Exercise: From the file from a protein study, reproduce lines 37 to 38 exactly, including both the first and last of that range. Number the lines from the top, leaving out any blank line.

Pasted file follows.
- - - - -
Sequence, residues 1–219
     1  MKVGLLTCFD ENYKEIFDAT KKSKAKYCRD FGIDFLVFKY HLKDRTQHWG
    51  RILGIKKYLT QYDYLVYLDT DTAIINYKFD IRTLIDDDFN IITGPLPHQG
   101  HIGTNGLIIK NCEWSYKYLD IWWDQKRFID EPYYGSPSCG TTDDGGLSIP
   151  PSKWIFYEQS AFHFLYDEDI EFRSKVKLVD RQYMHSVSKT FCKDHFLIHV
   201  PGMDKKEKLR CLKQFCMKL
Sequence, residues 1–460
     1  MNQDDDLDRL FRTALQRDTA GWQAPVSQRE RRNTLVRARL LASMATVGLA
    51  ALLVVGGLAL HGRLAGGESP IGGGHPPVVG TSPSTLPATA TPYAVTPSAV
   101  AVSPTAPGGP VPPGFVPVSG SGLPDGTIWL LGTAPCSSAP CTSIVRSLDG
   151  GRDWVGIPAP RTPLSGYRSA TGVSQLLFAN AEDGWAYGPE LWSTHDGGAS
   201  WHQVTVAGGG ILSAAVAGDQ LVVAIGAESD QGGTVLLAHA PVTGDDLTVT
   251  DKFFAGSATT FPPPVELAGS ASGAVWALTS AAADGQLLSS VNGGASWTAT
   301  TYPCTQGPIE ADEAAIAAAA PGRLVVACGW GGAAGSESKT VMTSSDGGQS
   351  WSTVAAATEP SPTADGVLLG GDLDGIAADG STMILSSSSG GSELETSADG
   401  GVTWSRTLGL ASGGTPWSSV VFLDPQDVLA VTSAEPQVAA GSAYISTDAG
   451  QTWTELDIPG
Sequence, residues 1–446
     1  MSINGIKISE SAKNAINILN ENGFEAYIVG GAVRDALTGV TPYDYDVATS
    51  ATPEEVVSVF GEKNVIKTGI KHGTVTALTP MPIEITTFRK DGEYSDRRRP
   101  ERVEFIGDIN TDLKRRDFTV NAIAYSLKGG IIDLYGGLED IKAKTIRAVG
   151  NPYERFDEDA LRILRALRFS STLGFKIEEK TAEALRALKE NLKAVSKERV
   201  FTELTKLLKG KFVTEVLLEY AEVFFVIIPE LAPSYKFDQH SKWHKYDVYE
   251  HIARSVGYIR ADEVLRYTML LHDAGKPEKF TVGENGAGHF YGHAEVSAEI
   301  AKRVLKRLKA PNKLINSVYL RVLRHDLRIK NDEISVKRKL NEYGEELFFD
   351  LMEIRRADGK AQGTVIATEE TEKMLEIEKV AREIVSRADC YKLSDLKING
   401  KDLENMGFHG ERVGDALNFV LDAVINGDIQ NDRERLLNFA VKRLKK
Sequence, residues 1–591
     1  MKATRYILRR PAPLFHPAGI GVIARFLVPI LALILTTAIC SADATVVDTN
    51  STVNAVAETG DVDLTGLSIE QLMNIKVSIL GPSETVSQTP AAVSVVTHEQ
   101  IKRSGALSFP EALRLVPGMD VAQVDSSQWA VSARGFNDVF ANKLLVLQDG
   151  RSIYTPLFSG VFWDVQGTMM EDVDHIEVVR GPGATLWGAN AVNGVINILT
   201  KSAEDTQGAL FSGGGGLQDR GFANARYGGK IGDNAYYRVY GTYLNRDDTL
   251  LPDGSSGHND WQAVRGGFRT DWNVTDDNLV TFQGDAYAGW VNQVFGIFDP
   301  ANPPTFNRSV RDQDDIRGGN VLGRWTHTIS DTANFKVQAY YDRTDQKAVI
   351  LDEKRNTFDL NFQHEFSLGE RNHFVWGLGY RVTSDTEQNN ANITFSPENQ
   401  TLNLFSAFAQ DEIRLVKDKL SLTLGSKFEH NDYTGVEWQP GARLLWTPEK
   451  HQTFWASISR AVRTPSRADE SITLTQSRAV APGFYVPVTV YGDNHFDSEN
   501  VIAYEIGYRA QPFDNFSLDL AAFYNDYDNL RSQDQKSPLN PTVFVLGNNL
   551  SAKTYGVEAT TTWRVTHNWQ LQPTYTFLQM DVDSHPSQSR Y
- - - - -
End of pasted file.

   401  TLNLFSAFAQ DEIRLVKDKL SLTLGSKFEH NDYTGVEWQP GARLLWTPEK
   451  HQTFWASISR AVRTPSRADE SITLTQSRAV APGFYVPVTV YGDNHFDSEN